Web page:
The Zapad drills, Russia’s premier military exercises, have begun. The primary goal in these quadrennial war games is to prepare Russian troops for a major war – by some European estimates, as many as 100,000 could take part in the manoeuvres from Sept. 14-20 – with their “presumed opponents” being the U.S. and its allies. But no less important is the message these games seek to send to the world: the Russian military, nearly three decades after the fall of the Soviet Union, is once again a force to be feared.
Russia’s neighbors have gotten the message, and some fear the Russians may have another, more nefarious goal in mind with this year’s Zapad (Russian for “West”). Weeks before the exercises began, Poland warned that they could be used as cover for a Russian invasion. The small Baltic nation of Lithuania, a U.S. ally and NATO member, announced plans to build a fence to stop Russian troops from wandering or sneaking into its territory during the drills. Lieutenant General Ben Hodges, the commander of U.S. Army forces in Europe, summed up the concerns to Reuters in July: “People are worried this is a Trojan horse.”
That analogy seems somewhat strained. The Russians, unlike the Trojans, would not have the element of surprise in trying to breach their opponents’ defenses during the Zapad drills. The U.S. and European forces have intensified their patrols of the region where the games will be held, and after some tense negotiations, Russia allowed several observers from the NATO alliance to monitor the exercises.
But that gesture of transparency has not done much to calm Western concerns. Usually held every four years along the Russian borders with NATO and the European Union, Zapad tends to include a simulated nuclear strike against a European nation. In 2009 the hypothetical target was Poland; in 2013 it was Sweden. And depending on how aggressive a signal Russia wants to send, it could choose to forgo the nuclear part of the exercises with this year’s target: the fictional country of Veishnoriya, supposedly backed by the West and in coalition with two other fake nations of Lubeniya and Vesbasriya. International observers suggest that the invented countries are proxies for the Baltic States and Poland.
Another signal that will interest NATO commanders is the size of the force Russia puts in the field. Moscow claims that it will be relatively small: about 5,500 Russian personnel and another 7,200 from its ally Belarus, as well as roughly 70 aircraft, 250 tanks, 200 artillery systems and 10 naval ships. By comparison, the drills that NATO held in Eastern Europe in July involved about 25,000 soldiers.
Those numbers are still a fraction of what such drills involved during the Cold War. According to NATO estimates, Soviet war games in Eastern Europe included as many as 150,000 troops during their peak in 1981. The U.S. had roughly twice that many stationed in the region at the time.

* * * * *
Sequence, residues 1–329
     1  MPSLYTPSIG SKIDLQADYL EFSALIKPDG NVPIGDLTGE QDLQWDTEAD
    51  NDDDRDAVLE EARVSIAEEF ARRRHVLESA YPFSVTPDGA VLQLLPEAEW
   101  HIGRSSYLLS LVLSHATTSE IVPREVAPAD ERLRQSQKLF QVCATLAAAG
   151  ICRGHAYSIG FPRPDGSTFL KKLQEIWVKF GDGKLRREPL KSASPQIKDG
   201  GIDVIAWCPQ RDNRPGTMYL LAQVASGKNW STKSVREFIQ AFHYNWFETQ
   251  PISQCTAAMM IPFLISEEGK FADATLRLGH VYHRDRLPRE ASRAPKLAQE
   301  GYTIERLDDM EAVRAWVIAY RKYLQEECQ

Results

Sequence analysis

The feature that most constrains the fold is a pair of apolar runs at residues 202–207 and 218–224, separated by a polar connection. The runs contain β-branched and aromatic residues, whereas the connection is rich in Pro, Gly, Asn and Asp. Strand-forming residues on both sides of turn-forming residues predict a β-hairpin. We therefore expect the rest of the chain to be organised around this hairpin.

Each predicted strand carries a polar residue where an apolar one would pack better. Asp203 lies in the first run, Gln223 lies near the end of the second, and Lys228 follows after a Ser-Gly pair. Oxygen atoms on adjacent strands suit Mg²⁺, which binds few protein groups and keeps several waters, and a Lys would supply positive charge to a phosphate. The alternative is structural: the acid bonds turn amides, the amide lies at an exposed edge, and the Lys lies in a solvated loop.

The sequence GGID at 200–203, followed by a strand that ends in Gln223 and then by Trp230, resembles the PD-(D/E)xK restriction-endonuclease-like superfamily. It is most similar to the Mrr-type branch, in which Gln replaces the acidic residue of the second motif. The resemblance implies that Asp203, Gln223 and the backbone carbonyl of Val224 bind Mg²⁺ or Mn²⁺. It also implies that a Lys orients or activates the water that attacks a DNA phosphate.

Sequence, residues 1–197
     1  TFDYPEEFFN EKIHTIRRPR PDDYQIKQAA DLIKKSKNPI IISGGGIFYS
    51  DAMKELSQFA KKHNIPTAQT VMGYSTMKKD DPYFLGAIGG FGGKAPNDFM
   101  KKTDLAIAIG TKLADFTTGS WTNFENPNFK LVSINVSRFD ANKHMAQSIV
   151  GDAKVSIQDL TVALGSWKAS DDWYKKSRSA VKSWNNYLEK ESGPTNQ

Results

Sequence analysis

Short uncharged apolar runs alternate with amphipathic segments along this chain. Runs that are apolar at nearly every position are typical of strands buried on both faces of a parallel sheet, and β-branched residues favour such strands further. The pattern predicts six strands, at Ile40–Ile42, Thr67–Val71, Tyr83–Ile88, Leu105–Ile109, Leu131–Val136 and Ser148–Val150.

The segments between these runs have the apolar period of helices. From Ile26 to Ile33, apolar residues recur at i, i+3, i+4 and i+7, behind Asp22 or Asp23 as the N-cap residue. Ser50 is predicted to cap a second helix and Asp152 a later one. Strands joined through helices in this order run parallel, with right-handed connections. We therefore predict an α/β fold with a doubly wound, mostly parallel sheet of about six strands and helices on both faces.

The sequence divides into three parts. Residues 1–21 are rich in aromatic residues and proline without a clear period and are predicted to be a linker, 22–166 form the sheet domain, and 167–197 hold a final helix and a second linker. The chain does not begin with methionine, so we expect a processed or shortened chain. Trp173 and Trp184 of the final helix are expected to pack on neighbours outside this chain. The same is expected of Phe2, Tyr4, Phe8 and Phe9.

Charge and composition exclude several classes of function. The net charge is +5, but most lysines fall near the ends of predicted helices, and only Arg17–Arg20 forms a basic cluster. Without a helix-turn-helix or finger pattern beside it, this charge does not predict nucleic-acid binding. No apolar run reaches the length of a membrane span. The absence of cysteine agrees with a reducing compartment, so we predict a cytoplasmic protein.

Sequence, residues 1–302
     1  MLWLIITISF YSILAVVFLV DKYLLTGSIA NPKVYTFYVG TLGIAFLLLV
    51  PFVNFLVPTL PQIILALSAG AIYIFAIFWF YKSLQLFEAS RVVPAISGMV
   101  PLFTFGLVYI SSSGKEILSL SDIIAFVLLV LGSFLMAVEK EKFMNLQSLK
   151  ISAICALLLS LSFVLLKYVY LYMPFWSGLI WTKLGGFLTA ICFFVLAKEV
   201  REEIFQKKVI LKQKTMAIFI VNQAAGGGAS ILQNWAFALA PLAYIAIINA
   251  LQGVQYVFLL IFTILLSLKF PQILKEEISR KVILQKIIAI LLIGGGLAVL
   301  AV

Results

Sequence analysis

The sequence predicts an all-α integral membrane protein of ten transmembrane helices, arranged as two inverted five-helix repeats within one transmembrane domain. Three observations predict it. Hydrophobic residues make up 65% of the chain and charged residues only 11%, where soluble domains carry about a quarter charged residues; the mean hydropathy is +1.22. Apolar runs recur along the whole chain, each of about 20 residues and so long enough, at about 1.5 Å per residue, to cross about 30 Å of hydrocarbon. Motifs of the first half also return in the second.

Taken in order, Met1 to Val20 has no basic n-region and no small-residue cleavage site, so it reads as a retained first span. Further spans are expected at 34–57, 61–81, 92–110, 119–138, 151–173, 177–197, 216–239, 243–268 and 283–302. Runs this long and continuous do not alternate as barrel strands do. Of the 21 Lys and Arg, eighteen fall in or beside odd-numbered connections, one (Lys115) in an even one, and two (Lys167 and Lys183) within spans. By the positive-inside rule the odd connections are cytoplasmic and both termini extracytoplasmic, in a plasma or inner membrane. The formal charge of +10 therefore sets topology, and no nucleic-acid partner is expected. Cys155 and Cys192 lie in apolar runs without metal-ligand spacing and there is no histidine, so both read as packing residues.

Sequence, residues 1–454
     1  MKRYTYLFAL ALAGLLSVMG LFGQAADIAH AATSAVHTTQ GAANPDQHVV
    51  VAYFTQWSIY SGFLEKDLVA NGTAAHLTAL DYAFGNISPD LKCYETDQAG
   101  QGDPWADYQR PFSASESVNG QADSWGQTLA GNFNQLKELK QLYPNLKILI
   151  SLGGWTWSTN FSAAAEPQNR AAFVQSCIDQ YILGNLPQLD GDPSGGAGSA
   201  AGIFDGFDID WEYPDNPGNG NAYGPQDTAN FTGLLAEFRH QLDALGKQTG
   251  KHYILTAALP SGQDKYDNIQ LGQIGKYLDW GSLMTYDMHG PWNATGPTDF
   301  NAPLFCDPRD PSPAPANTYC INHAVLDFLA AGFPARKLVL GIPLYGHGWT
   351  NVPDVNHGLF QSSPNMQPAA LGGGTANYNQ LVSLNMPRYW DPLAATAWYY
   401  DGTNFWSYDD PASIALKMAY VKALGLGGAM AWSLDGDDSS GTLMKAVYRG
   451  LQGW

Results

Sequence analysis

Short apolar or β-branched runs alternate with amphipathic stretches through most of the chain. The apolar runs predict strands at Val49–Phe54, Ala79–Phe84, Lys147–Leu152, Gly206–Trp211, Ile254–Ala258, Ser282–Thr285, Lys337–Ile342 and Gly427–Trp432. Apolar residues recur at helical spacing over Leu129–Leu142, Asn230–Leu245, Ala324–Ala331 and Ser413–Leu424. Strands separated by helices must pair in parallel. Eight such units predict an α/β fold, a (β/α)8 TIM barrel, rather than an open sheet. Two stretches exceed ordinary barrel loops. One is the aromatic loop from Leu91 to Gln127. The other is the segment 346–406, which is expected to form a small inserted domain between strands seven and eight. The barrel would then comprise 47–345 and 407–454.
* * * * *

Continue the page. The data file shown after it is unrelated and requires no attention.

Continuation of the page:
But both sides are now creeping back toward those levels. In response to the Russian annexation of Crimea in 2014, the U.S. and its NATO allies agreed to station several thousand troops near Russia’s border on a rotating basis, mostly to reassure Poland and the Baltic states. Russia responded by stationing more strategic missiles and other forces in Kaliningrad, the Russian exclave on the Baltic Sea where many of the Zapad drills will be held.
Still, the country with the most to fear from the exercises might be Russia’s partner in the drills: Belarus. Since the two nations split after the break up of the Soviet Union, Belarus has struggled to maintain its sovereignty and independence in Russia’s shadow, and some Western observers have warned that the Russian troops who come to Belarus for the Zapad games may wind up occupying it. “The great concern is they’re not going to leave,” General Tony Thomas, the head of the U.S. Special Operations Command, told a security conference in July, adding, “That’s not paranoia.” NATO’s chief Jens Stoltenberg told the BBC that Russia has a history of using “big military exercises as a disguise or a precursor for aggressive military actions against their neighbors.”
It would seem a bit paranoid, however, for NATO to expect a Russian attack during these maneuvers. Compared to the U.S, Russia is still a military underdog, and the fact that Belarus is its only partner in these exercises goes to show how Moscow’s network of alliances has withered since Soviet times. Much like Russia’s broader military strategy, its goal during the Zapad drills is to project more power than the Russian armed forces can actually muster. And judging by the level of alarm in Europe over Russia’s latest round of war games, this tactic of intimidation appears to be working just fine.
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